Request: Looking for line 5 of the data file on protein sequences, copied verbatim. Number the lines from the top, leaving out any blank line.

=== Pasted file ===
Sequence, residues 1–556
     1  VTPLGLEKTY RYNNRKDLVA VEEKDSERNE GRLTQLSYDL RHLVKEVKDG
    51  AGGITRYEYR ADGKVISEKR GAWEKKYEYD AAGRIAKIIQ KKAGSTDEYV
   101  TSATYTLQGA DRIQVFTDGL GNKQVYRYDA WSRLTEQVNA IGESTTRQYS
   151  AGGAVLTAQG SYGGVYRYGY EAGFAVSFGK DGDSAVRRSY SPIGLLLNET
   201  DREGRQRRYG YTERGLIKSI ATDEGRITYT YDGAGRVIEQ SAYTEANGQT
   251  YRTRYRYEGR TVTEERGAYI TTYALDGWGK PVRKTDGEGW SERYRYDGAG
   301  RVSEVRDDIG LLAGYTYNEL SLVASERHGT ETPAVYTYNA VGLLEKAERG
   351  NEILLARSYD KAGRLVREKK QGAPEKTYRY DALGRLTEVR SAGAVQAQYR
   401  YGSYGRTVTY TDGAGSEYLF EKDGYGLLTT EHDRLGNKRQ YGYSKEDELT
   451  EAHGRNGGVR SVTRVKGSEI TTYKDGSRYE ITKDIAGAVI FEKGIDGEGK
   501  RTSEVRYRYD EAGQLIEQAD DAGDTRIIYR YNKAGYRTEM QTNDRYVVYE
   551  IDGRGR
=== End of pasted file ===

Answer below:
   151  AGGAVLTAQG SYGGVYRYGY EAGFAVSFGK DGDSAVRRSY SPIGLLLNET